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Slinky1

NGD...Southern Jumbo 12 fret

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Sound hole to twelfth fret is 4 15/16 in. I measured twice. Seems to be just under five inches.

 

That is pretty consistent with my calculation of the resultant shift in the soundhole: between 1 1/4" and 1 3/8" closer to the butt end of the guitar compared to a 14-fretter. The actual distance from the 12th fret to the soundhole is the same in both 12-fretters and 14-fretters, but of course the neck-to-body joint is in a different location.

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Just for visual reference - here is the JB I used to own. Like Slinky's guitar it has the smaller burst. I do not have this guitar anymore, so I can't take measurements, but it did seem to have the sound hole lower down in the body. The was a very rich sounding guitar, but very closely duplicated the sound I get out of the Legend.

DSC04155_zps9a4c2ee1.jpg

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Sound hole to twelfth fret is 4 15/16 in. I measured twice. Seems to be just under five inches.

 

 

That is pretty consistent with my calculation of the resultant shift in the soundhole: between 1 1/4" and 1 3/8" closer to the butt end of the guitar compared to a 14-fretter. The actual distance from the 12th fret to the soundhole is the same in both 12-fretters and 14-fretters, but of course the neck-to-body joint is in a different location.

 

Thanks, Slinky. 5 3/16" soundhole to 12th measured on the Guild 12 fret. Nick, you are more keen on fret count than I. Here's UGMF'er Buck on number of frets and consideration on soundhole location in a discussion about the 12-fret Martin HD-28VS. Also mentioned is how the distance of bridge to cross brace as being more constant, and more critical:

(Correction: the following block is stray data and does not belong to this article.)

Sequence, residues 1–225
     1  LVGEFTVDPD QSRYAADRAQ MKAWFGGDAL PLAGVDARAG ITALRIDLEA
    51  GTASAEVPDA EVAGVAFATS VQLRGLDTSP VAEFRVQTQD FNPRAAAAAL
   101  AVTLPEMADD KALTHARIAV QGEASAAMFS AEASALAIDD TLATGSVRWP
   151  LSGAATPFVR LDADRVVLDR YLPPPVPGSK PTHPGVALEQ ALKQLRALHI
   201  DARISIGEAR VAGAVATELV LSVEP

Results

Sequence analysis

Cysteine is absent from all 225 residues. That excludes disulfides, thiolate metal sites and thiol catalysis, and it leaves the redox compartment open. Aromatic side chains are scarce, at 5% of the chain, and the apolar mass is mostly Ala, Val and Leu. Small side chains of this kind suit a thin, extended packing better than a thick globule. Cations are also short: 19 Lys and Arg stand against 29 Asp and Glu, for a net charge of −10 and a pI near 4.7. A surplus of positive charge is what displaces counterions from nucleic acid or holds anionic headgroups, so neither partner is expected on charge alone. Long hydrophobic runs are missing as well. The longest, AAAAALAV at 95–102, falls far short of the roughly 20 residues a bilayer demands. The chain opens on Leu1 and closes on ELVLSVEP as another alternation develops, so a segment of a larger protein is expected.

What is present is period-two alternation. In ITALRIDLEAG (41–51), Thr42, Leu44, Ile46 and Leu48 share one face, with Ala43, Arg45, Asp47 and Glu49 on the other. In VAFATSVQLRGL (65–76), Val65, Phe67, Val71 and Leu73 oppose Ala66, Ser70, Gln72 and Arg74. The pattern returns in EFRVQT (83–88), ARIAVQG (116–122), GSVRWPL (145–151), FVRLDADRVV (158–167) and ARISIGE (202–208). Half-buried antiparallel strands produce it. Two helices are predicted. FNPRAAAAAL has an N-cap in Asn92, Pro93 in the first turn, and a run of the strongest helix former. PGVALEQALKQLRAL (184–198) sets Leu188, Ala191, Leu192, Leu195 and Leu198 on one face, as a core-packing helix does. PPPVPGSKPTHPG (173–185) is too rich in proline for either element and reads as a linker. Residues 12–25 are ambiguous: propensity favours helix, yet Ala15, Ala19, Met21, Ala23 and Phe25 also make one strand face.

" The distance from the 12th to 14th fret is about 1 3/8". The 14 fret body is 1" shorter, so the bridge moves enough to make up the other 3/8".

 

The reason that I don't reference the sound hole with 12 fret guitar is because the position changes depending on whether the guitar has a 19 or 20 fret board. Regardless, the X-brace is further from the sound hole, but that is not the important issue. It's the relationship of the X-brace to the bridge. That is nearly identical on 12 fret D's and forward braced 14 fret D's. As you noted, it's not "forward shifted", since that is the original position. I call it simply "forward" because it is forward most position used.

 

So, an HD-28VS will sound more like an HD-28V than it will an HD-28 because of the bracing position. A 1975 D-28S is very different from a 1975 D-28 because of the soundboard size, internal volume, stiffer neck, AND bracing position. This is why we tend to hear more difference between 14 fret and 12 fret guitars of that era than we do modern guitars - there are more internal differences."

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Thanks, Slinky. 5 3/16" soundhole to 12th measured on the Guild 12 fret. Nick, you are more keen on fret count than I. Here's UGMF'er Buck on number of frets and consideration on soundhole location in a discussion about the 12-fret Martin HD-28VS. Also mentioned is how the distance of bridge to cross brace as being more constant, and more critical:

 

" The distance from the 12th to 14th fret is about 1 3/8". The 14 fret body is 1" shorter, so the bridge moves enough to make up the other 3/8".

 

The reason that I don't reference the sound hole with 12 fret guitar is because the position changes depending on whether the guitar has a 19 or 20 fret board. Regardless, the X-brace is further from the sound hole, but that is not the important issue. It's the relationship of the X-brace to the bridge. That is nearly identical on 12 fret D's and forward braced 14 fret D's. As you noted, it's not "forward shifted", since that is the original position. I call it simply "forward" because it is forward most position used.